The Longevity

Entrepreneur of the Week: Ran Ma, Siren Care

Last month, ten caregiving health tech finalists competed in AARP’s Innovation@50+ LivePitch event in Mountain View, CA. (See our wrap of the event). The Longevity Network is delighted to be featuring one of these finalists per week in our Entrepreneur of the Week segment.

This week we hear from the winner of this year’s Audience Choice Award: Siren Care, a smart textile company whose first product is a smart sock for preventing diabetic foot ulcers.

We spoke with Ran Ma, founder and CEO, about the opportunities she sees in the 50+ market.

Longevity Network: What does Siren Care, the company, do?

Ran Ma: We have created the world’s first truly seamless smart textile technology by embedding electronics directly inside clothing; fast-forwarding society into a future where people do not have to wear additional wearables, just clothes – and our first product is a temperature sensing sock to help diabetics prevent foot ulcers.

LN: Can you tell us about your product and how it works?

RM: Diabetes currently affects 415m people (+50% by 2035). 40% are at risk of ulcers due to severe nerve damage. As they cannot feel pain, they don’t know when they injure themselves. Additionally, people with diabetes suffer from poor circulation so injuries don’t heal. A small injury can become an infection, ulcer, gangrene and an amputation. 12% of people with diabetes will lose a leg to foot ulcers in their life. After a lower leg amputation, 4 out of 5 diabetics will pass away within 5 years. Foot ulcers are the second leading cause of death (30%) for diabetics. In the US, the cost of diabetic foot ulcers and amputations is $17bn/year, more than the most expensive forms of cancer. Clinical studies show that temperature-measuring can reduce ulcers by up to 72%, but the current devices are difficult to use and have many false positives, because it’s manual monitoring without algorithms. Current wearables like Fitbit or Jawbone intrude on our lives. They are an extra “thing” we have to remember to wear. Our solution is to imbue the very clothes that we already wear with “smartness”. The main barrier that has prevented smart textiles from going mainstream is the imbalance between value-added and seamless design.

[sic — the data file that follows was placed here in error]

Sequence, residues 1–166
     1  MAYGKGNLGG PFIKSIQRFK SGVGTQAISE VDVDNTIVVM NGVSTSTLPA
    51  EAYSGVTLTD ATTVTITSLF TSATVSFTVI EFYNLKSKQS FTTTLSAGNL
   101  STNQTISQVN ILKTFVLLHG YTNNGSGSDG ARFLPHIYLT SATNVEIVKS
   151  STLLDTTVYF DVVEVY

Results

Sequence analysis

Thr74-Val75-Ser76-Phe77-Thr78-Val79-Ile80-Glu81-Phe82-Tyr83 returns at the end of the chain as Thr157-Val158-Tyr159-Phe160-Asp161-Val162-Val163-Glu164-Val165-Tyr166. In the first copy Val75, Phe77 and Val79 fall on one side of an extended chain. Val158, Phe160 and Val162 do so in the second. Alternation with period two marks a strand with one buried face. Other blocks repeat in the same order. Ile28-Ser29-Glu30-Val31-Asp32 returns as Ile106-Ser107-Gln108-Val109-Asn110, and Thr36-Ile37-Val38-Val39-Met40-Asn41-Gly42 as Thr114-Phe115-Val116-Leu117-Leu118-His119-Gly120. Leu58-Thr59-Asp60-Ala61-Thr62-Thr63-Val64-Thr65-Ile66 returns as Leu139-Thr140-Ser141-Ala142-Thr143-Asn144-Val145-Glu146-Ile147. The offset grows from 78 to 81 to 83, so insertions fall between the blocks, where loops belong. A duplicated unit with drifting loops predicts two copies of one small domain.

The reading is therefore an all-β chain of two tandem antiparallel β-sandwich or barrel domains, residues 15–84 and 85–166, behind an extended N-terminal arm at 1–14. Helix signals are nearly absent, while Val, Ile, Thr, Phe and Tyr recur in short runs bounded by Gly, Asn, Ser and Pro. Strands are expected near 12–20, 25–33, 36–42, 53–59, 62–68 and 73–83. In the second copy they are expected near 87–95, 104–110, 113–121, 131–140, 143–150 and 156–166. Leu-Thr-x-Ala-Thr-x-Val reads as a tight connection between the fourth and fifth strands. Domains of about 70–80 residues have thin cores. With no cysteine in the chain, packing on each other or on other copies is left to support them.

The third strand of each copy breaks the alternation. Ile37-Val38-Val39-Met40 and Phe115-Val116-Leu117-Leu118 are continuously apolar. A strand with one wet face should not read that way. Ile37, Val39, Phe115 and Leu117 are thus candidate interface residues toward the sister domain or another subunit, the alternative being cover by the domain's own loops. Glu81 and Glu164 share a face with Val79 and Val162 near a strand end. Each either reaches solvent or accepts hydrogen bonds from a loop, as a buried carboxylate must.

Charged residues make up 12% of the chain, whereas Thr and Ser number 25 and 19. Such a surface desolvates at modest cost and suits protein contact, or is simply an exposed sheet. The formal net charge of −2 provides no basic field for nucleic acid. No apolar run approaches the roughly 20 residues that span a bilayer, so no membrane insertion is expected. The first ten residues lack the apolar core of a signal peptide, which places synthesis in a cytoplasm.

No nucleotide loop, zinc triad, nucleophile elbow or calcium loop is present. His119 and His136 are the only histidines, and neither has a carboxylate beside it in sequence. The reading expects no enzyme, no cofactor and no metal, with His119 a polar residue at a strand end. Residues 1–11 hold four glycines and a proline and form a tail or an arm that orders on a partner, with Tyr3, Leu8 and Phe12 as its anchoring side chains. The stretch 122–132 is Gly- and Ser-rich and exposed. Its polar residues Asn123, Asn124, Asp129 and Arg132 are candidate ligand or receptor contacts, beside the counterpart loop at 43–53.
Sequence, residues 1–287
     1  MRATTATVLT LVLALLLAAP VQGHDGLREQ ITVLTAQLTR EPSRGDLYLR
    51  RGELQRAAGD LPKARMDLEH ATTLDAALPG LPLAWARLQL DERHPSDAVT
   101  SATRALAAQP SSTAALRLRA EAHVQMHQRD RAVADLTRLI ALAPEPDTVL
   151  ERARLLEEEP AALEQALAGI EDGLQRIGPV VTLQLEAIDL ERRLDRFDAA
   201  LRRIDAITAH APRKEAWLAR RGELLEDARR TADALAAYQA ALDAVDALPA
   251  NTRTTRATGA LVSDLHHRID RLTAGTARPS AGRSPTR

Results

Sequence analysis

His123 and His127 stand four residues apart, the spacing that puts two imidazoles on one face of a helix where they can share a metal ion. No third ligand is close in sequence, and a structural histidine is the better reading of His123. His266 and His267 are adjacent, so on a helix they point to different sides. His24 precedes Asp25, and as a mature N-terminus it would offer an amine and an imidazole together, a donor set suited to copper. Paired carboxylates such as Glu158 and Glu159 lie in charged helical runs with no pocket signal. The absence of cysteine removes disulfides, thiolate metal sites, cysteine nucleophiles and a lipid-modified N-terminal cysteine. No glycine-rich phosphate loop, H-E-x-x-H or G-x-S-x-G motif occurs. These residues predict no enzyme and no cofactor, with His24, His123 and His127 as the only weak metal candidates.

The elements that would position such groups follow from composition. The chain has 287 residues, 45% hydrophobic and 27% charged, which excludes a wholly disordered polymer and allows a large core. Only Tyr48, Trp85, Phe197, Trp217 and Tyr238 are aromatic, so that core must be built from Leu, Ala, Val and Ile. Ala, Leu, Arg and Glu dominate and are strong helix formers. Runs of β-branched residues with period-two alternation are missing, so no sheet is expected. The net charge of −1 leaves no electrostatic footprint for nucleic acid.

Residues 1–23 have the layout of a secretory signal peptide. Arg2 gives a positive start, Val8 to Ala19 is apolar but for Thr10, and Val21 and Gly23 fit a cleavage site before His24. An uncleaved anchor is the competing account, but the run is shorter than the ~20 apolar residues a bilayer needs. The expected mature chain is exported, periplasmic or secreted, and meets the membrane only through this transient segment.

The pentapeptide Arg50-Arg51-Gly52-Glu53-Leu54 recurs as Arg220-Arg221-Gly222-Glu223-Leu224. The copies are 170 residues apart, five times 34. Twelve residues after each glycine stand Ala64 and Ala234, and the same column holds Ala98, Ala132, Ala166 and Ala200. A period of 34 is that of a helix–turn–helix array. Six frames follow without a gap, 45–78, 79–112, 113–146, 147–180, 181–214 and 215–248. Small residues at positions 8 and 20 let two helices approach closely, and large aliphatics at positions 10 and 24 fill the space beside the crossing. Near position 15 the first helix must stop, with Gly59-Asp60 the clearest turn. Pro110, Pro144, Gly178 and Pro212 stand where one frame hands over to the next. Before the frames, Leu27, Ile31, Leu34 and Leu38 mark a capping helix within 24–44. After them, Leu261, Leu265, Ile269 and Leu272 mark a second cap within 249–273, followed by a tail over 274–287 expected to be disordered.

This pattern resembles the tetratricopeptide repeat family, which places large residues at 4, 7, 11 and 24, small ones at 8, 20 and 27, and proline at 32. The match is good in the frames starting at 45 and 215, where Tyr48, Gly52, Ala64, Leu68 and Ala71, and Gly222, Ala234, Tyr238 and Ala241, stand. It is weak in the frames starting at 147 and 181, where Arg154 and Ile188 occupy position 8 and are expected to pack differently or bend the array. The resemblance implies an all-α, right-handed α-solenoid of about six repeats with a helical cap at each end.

LN: What opportunity did you see that you wanted to address with the creation of your product?

RM: Diabetic foot ulcers (DFUs) are an invisible killer — the people who are affected most by DFUs can’t feel them. Up to 70% of those with diabetes will develop peripheral neuropathy, or lose sensation in their feet due to nerve damage, and will not notice early signs of foot injury until it is too late.

Every year millions of people with diabetes will develop a DFU that escalates into amputations after nerve damage results in loss of pain sensation. After one amputation, there is a 50% chance that a diabetic will lose the second leg. Within 5 years, as many as 80% will die due to added complications.

Wearables will shape our future but have not been widely adopted. Currently wearable technologies have a 30% return rate and low retention after 6 months. We solve this problem with wearable technologies that are seamless and invisible. Smart fabrics have the potential to be worn comfortably 24/7 as computing components become smaller and more powerful. Siren makes smart clothes for the masses.

LN: Who are your primary users? How will your product benefit the 50+ population?

RM: Our socks are essential for people with diabetes to protect their feet. 1 in 4 people over the age of 65 have diabetes. About 70% of the almost 400 million people with diabetes worldwide have some form of neuropathy and cannot feel pain. So a small injury can go unnoticed and become an infection, gangrene, ulcer and amputation. We want to help them prevent injuries so that they can age with dignity.